Ball-Tampering Bollox

One doesn’t very often feel sorry for Aussies but this damn-fool row over ball tampering makes me feel these guys have been demonised disgracefully.

From the beginning of time a cricket ball which is polished on one side and roughed up on the other will swing more than one which has a similar surface on either side.

To polish up one side cricketers have always polished the ball on their trousers. Totally accepted. Done in full view. Absolutely AOK.

At the same time cricketers have, for donkeys’ years, put a bit of grit in their pockets to rough up the other side. Not done quite so obviously as polishing the ball on your crotch, but generally accepted as common practice.

If the desired effect is to make the ball swing more, is it morally worse to polish one side than it is to rough up the other?

Clearly, to the man on the top of the Clapham Omnibus, the reasonable, logical answer is that there is moral equivalency between polishing and roughing up.

The fact that good men can be reduced to tears by the suggestion that the practice is deeply disgraceful is a shocking example of how public opinion can be so easily swayed by spurious sanctimonious moralising.


Comments

3 comments

  1. Wise words Gormenghast, I suppose one could argue that trying ro restotore the original condition of half of a ball which is designed to degrade during the course of a match is as morally reprehensible as accelerating the degradation of half of a ball, but I don’t think I’ll try..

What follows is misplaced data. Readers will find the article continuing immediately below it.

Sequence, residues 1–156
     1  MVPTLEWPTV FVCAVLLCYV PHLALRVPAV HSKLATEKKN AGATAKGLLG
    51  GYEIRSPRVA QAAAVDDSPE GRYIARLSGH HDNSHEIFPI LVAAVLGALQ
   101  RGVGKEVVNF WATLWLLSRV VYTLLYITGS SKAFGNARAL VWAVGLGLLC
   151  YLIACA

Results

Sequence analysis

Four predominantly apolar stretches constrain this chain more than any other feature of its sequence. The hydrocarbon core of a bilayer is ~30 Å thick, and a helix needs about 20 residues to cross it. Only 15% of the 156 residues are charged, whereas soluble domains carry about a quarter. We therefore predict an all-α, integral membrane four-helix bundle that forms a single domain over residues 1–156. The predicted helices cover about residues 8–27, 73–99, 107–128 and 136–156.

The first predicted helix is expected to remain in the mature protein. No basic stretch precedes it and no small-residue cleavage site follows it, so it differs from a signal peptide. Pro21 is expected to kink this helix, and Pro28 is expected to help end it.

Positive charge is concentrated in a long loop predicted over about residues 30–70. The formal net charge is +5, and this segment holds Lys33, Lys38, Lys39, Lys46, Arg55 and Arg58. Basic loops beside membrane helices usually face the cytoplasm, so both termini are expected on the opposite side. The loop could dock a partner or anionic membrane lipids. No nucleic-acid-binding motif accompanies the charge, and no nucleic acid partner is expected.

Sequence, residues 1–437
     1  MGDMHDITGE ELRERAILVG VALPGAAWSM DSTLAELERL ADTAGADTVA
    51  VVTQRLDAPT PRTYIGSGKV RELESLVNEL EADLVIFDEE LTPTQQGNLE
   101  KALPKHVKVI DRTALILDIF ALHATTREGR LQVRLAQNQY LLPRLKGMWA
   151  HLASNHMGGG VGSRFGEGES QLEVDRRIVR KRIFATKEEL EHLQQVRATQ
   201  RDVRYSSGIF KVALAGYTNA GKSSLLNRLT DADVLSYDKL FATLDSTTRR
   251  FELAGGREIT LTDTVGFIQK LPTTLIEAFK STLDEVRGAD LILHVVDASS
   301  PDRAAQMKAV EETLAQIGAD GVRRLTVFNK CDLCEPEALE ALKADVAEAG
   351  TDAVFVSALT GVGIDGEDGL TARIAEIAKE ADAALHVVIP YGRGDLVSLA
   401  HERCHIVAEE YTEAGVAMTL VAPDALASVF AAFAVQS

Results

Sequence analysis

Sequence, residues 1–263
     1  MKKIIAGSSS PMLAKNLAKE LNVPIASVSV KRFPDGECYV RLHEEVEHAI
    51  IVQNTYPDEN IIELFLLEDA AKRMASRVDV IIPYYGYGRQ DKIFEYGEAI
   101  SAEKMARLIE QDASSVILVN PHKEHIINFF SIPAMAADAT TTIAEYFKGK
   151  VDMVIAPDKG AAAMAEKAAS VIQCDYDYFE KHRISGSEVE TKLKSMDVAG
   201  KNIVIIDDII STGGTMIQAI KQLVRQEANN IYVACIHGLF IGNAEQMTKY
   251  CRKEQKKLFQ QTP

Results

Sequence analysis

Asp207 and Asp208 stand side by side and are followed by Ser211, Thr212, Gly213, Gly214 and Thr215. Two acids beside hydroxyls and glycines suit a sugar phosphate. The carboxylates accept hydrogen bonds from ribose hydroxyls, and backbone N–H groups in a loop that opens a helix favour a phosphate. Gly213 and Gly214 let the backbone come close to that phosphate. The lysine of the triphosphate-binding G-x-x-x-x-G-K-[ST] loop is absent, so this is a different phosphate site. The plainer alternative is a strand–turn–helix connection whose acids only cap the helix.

2. I’m sensing that you are not a cricket aficionado…

    The two activities – polishing and roughing up – are not as equivalent as you make out. Remember: the ball starts out shiny when new, and gets duller and rougher naturally as it is used. That slow degradation adds subtlety and interest to the game (I AM an aficionado, BTW). Polishing one side of the ball is merely an attempt to retain that original shine as long as possible, but its ability to do so is inherently limited. Rather than altering the condition of the ball, you are trying to stop it altering.

    Roughing up truly is an attempt to artificially alter its condition and, worse, there is (unless you are spotted) no inherent limit to how much it can be changed. If you want to make it acceptable, where would your logical approach draw the line? Would it be OK to carve pieces off the ball with a knife?

    The reaction to the Australian cheating has been intense because cricket defines itself by its spirit of fair play and those that love the game are horrified to see that being undermined. More cynical sports such as football define themselves in entirely different ways and have a higher tolerance to cheating. The fact that the Aussies have thrown their weight around as self-appointed guardians of cricketing rectitude in recent years might also have something to do with it…

  3. Reminds me of deflate gate …

    Of course we do have the technology to make balls behave erratically in the air or on the ground …
    All ok as long as nobody detects it 🙂

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